How we do business in different countries will differ and we need to be versatile, flexible, and agile enough especially in the emerging markets. Are we going to buy a generics company? No. We do have second brands in South Africa that are doing quite well and allow us to considerably increase access to patients. So yes, our model has changed slightly, but Eli Lilly is still and will remain an innovative pharmaceutical company.
There is a place for generics, and there is a place for innovators.
The government’s key stakeholders are opened to having private public partnerships. We will be at the table for the discussion, as I believe innovative products are going to be a part of the pharma future. We intend to bring more products to the market, to continue clinical activities in South Africa, and we will be will riding this wave and continue to be successful.
There are delays in the registration of drugs by the Medicines Control Council (MCC), which make business more challenging in South Africa. There is a truck load of products that they need to deal with, so I want to engage them and understand what they are going through.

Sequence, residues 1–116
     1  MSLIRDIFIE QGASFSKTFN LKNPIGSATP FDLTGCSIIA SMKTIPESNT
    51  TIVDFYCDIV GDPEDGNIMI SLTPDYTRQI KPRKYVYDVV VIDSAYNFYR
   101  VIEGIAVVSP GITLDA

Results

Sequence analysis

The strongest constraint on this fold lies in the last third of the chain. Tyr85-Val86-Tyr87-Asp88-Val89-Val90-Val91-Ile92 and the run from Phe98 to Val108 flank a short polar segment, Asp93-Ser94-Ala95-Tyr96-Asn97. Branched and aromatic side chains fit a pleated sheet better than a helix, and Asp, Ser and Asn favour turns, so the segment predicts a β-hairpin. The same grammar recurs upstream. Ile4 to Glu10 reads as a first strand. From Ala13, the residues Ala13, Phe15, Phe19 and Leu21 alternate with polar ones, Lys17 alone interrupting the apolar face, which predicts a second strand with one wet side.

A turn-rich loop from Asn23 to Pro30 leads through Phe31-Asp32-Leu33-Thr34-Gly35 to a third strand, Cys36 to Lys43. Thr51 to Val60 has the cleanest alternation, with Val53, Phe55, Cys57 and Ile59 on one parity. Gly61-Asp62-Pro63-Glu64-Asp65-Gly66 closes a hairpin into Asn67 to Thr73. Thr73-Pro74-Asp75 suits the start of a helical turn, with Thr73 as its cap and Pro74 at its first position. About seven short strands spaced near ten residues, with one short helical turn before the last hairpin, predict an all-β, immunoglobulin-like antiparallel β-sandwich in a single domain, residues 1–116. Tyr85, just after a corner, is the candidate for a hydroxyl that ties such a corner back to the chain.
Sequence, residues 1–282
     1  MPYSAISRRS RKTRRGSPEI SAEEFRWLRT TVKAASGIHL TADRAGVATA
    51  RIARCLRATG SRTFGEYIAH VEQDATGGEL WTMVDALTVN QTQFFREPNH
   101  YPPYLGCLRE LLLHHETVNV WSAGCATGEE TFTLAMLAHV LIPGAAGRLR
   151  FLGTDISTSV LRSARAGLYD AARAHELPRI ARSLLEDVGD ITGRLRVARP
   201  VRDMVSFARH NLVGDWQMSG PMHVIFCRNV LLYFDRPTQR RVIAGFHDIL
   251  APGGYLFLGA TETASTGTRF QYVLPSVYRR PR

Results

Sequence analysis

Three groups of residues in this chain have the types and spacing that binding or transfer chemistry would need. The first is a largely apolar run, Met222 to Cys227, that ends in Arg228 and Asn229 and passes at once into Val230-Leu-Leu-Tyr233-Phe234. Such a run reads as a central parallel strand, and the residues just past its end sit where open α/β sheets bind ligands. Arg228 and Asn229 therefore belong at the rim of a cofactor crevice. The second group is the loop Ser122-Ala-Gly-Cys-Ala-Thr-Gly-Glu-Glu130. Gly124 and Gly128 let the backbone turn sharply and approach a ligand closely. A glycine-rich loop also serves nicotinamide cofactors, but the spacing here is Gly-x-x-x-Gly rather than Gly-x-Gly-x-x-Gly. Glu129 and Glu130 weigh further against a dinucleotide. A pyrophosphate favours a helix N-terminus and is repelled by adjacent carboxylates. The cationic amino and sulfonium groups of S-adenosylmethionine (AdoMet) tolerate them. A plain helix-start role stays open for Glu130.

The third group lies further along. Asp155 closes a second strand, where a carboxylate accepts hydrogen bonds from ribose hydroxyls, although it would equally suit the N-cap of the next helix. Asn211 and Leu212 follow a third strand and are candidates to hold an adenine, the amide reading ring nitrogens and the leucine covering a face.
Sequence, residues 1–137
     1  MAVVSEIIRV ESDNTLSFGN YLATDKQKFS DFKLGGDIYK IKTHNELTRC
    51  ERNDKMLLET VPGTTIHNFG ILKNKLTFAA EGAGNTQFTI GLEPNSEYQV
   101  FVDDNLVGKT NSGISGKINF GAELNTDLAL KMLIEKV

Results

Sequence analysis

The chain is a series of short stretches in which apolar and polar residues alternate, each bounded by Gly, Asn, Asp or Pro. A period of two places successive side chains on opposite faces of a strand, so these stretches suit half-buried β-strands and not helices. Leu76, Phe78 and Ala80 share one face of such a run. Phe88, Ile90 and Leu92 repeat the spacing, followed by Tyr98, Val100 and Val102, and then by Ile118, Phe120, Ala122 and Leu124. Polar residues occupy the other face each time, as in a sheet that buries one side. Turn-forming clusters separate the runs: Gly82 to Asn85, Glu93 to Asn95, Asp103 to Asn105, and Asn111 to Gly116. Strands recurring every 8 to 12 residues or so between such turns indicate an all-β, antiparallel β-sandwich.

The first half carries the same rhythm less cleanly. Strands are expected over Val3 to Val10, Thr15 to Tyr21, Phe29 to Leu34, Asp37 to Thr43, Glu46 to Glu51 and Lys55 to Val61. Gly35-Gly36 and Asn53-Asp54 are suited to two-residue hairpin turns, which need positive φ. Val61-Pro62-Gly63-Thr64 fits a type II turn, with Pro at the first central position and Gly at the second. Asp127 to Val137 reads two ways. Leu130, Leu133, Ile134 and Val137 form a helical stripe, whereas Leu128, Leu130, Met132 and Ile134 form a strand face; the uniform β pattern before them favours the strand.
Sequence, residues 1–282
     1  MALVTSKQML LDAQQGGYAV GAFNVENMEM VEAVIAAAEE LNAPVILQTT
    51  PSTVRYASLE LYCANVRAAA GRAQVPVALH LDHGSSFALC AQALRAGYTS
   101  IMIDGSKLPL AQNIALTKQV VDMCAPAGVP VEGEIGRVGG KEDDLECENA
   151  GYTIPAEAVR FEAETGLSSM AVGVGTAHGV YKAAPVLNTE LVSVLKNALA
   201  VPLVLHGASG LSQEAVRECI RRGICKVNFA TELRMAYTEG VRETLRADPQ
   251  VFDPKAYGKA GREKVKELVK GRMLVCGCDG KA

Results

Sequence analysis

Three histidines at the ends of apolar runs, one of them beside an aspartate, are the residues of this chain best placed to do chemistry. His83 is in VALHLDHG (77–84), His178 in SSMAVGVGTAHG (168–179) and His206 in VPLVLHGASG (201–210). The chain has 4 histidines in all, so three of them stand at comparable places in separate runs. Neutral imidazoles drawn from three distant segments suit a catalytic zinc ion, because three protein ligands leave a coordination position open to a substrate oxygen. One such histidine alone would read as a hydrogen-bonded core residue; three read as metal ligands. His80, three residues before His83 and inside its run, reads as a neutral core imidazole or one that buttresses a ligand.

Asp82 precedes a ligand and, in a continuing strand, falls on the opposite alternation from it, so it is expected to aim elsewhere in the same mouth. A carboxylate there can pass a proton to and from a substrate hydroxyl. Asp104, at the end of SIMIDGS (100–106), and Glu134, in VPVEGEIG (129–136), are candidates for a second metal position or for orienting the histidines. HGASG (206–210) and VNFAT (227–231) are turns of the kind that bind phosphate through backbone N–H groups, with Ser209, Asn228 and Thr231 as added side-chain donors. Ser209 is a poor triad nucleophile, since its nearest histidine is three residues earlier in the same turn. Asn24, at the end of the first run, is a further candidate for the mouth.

Nonetheless, we also want to be realistic in our planning. It takes three years in South Africa for our drugs to be registered; it is a reality, it is therefore important to strategize what we will be doing in the meantime and to plan around it. We would like to speed up the timeline, but we do understand that everywhere there are limited resources.
It is interesting to compare South Africa with its BRICS counterparts now that the country is part of the grouping. How would you compare South Africa and Brazil for instance, where you spent a while, in terms of its healthcare environment?